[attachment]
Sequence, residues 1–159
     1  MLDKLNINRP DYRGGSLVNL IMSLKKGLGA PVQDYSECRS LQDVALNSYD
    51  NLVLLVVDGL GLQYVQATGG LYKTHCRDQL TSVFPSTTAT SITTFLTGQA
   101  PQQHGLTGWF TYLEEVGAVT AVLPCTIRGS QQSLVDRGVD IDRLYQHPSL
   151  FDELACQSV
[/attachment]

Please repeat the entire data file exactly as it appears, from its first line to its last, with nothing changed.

Sequence, residues 1–159
     1  MLDKLNINRP DYRGGSLVNL IMSLKKGLGA PVQDYSECRS LQDVALNSYD
    51  NLVLLVVDGL GLQYVQATGG LYKTHCRDQL TSVFPSTTAT SITTFLTGQA
   101  PQQHGLTGWF TYLEEVGAVT AVLPCTIRGS QQSLVDRGVD IDRLYQHPSL
   151  FDELACQSV